Before, musicians only had to field the views of professional critics and tabloids, and those were easy enough to avoid. Now they’re at the mercy of an entire digital legion, where opinions and choices — or sometimes, lack thereof — are dissected with feverish intensity and hawkeyed vigilance. If pop stars aren’t becoming more candid because they now have the freedom to, it’s very likely because it’s become a hell of a lot more difficult to hide anything.
Social media has, of course, brought about negative byproducts too. For every makeup-free, cellulite-proud selfie, there are 10 more photos facetuned to infeasible levels of perfection; fans are no longer just curious about stars’ personal lives, they feel entitled to them; and our expectations for public figures remain entirely too high. We want them to be thought leaders, hitmakers, artists, activists, and role models, but somehow still relatable to those persistent hopes and struggles we keep projecting onto them. It’s all impossible and exhausting for everyone involved.
The deeper we get into the era of Instagram filters, though, the more it seems we want to revolt, to embrace our shortcomings, to just stop trying so goddamn hard. And the culture has shifted accordingly.
Consider Demi Lovato, who has publicly reckoned with addiction, self-harm, and bipolar and eating disorders since at least 2010, when she entered rehab after punching a backup dancer while on tour. She's spoken plainly about her recovery over the last eight years, but there was a time, not terribly long ago, when she was still holding back. She admitted in the 2017 documentary Simply Complicated that during the filming of Stay Strong, a 2012 doc meant to chronicle her sobriety, she was on drugs.
Now, though, Lovato seems ready to rid herself of any false pretenses. As recently as this week, she took to Instagram to flaunt her stretch marks and preach self-love, later explaining to E! News that she "wanted to show the world that [she's] imperfect, but that's what makes [her] beautiful."
Halsey and Selena Gomez, too, have been open about their respective health battles (and the mental challenges that accompany them); and Kesha — a Nashville wild child who is, yes, fun, but also fearless, insightful, and far more intelligent than her initial marketing tried to present — risked her entire career to take her alleged abuser to court and show the world the parts of herself she wasn't allowed to share before.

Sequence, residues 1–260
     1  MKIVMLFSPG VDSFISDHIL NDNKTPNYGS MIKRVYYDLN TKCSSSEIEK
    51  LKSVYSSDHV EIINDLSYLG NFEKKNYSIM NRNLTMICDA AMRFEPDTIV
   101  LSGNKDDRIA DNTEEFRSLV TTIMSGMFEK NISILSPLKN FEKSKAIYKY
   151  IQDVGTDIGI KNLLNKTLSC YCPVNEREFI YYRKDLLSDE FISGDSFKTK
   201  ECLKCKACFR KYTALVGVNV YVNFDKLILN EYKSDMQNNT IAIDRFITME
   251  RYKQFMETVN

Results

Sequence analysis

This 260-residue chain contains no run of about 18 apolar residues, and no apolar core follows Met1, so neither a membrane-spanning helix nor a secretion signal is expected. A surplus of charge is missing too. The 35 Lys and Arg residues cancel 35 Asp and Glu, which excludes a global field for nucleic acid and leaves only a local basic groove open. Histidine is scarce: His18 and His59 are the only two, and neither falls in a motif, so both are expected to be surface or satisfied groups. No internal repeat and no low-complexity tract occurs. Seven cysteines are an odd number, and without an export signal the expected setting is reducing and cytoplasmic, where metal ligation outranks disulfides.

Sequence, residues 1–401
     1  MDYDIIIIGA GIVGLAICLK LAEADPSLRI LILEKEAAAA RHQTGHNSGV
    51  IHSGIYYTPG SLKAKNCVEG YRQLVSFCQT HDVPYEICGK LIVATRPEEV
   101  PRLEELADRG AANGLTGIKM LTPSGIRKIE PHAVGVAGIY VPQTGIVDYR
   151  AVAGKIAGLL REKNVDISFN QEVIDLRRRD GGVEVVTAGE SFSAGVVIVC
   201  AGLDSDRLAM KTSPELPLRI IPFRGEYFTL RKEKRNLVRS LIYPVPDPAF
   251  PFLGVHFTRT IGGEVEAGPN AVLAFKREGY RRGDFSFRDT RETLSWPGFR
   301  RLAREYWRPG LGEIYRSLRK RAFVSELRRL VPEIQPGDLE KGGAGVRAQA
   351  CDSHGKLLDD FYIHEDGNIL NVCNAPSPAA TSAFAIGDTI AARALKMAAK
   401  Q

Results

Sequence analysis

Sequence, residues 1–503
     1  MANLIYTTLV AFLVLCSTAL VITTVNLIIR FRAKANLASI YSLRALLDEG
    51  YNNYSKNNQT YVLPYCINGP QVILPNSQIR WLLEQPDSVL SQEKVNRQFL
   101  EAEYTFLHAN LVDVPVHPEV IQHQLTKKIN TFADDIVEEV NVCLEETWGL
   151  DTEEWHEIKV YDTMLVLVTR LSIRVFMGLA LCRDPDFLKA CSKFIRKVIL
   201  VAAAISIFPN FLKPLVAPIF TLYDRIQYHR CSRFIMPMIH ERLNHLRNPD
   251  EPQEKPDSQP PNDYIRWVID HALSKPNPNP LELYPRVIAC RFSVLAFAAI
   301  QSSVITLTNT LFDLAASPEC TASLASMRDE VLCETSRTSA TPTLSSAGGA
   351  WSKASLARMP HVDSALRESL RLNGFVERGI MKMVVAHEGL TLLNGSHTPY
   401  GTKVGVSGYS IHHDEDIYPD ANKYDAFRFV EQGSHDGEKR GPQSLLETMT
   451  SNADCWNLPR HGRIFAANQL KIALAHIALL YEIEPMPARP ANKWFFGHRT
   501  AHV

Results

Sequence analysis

Even Beyoncé has begun to let down her walls. Her latest record, Lemonade, is a visceral, cathartic purging of the adultery that threatened to tear apart her marriage. Among critics, it is nearly unanimously her best and most personal effort to date, and it's also the first that lets us see her not just as Beyoncé the superstar, but Beyoncé the woman, one who must contend with betrayal, forgiveness, and pain much like the rest of us, just with a multi-million dollar empire to cushion the fall.
It feels strange to treat authenticity like a buzzword, some kind of new, hot trend, but it’s what best defines music’s recent about-face. The pop pedestal isn’t fully dismantled: We still demand more from our artists than they could ever provide, and it would be naive to believe the behind-scenes maneuvering has been completely abandoned. But the pillar has certainly gotten shorter, if not, at the very least, more forgiving.
Pop stars of the past may be veritable gods — mythologized, immortalized — but in the age of identity politics, #MeToo and #BlackLivesMatter, we’ll take ours human, please.